Irma approaching SW FL, landfall expected later today

From Meteorologist Zack Fradella:

Hurricane Irma remains a Category 4 major hurricane with winds of 130 mph as of the 11 AM advisory from the National Hurricane Center. Movement is to the north at about 9 mph which will put Irma very close to the Southwest Florida coast later this afternoon.

Currently the worst of the weather has transitioned to Southeast Florida, specifically the Miami area as winds are now gusting to hurricane force. The Lower Keys experienced wind gusts to 120 mph this morning as the storm made landfall but conditions are improving as the center lifts north.

Rapidly conditions will deteriorate along the Southwest Florida coastline from Naples up through Tampa this afternoon as the eyewall of Irma moves onshore. Multiple reports from the west side of the state are indicating a significant low tide as the winds remain offshore. That will quickly change as the center approaches the coast and the storm surge inundates the coastline. Everyone is being urged to not venture out to the beach to see the low tide as when it rises, it will do so rapidly.

You can monitor the latest stream from Marco Island, Florida on the link below or by downloading the Hurricane Impact app from HurricaneTrack.com:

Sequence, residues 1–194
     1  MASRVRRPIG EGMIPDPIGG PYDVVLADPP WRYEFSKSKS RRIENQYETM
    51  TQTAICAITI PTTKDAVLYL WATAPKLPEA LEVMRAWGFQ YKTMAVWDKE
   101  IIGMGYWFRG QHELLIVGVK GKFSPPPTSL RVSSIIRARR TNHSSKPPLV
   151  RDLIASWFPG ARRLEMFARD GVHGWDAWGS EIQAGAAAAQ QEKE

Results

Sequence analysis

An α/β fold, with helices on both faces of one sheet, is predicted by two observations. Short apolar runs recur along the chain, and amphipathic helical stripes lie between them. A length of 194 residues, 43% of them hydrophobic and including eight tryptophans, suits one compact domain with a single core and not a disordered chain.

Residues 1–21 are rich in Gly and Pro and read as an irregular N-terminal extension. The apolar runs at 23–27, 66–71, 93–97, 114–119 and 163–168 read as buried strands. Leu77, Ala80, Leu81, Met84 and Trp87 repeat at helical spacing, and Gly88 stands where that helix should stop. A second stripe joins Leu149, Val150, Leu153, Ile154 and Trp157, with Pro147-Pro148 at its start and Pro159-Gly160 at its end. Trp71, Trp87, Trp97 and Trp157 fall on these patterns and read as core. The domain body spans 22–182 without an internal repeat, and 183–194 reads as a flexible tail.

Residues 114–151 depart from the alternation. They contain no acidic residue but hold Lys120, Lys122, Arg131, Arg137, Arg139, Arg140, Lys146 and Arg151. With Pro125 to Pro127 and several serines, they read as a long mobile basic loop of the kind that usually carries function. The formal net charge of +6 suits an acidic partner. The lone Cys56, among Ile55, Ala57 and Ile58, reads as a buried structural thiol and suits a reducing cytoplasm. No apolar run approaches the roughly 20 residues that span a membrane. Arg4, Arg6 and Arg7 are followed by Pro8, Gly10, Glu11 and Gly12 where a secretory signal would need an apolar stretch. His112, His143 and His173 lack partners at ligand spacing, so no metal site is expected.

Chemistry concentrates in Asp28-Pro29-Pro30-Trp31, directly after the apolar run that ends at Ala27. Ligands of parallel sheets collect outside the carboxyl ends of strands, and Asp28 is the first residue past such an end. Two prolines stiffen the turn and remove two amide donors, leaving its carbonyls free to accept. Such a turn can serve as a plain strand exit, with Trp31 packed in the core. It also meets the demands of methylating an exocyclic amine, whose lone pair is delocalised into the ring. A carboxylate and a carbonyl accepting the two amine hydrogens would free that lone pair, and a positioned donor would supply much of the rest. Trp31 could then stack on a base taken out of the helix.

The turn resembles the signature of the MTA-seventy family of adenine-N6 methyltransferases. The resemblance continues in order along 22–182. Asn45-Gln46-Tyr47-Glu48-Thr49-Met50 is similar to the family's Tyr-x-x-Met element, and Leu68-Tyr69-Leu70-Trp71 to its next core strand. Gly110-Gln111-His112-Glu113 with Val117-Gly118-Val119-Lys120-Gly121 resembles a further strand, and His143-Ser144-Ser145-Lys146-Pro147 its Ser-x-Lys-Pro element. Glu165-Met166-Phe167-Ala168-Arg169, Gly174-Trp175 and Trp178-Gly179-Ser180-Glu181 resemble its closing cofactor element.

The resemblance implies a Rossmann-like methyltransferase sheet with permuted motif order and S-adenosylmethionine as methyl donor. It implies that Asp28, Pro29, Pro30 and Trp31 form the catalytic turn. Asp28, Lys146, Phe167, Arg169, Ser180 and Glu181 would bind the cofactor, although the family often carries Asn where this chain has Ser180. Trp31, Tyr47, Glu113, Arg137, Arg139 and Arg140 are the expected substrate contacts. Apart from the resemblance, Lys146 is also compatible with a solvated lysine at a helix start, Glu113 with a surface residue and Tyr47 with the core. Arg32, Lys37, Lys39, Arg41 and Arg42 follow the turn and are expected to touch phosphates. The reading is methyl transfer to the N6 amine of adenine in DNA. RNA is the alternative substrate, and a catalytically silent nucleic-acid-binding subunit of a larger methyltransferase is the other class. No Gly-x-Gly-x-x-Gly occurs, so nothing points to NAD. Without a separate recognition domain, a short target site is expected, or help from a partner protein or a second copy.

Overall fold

Marco Island Storm Surge Cam

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Irma making landfall across the Lower Keys

Updated: 8:45 AM ET Sunday, Sept 10

Irma is now making landfall and crossing the Lower Keys of Florida. The winds are well in excess of hurricane force with a storm surge moving in with it.

Our live weather station and cam were knocked off the air just a few moments ago – in fact, everything coming out of the Lower Keys was lost – all Facebook live feeds, etc. from storm chasers and others. It happens – the network can only endure so much.

We do have two camera systems running farther up the coast – one in Marco Island and one in Naples. Those will last all day today and in to tonight – network conditions permitting.

I have posted a new video discussion with continuing updates of the potential for storm surge flooding along the SW and W coasts of Florida over the next couple of days.

I am in Miami right now but will be heading towards Cedar Key and the Big Bend area later to set up additional equipment.

Zack Fradella, our colleague in New Orleans, will have another video and blog post around 2pm ET this afternoon.

M. Sudduth

 

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Hurricane force conditions approaching Keys, South Florida

From Meteorologist Zack Fradella:

Hurricane force conditions are moving into the Keys and will continue to spread inland into South Florida as we move into Sunday morning.

The latest information from the National Hurricane Center as of 11 PM ET Saturday shows winds are now down to 120 mph which is still a major Category 3 storm.

An update from earlier forecasts only shows an increase in winds up to 125 mph keeping the storm a Category 3 as it approaches the Florida West Coast on Sunday. I must caution everyone that intensity forecasts are the biggest struggle for forecasters and considering the organization on satellite tonight, don’t be surprised to see Irma go through a strengthening phase before landfall.

A storm surge is expected to impact all areas across the state of Florida but more specifically, the southwest corner of the state is of highest risk for up to 15 feet of water level rise as the center moves onshore.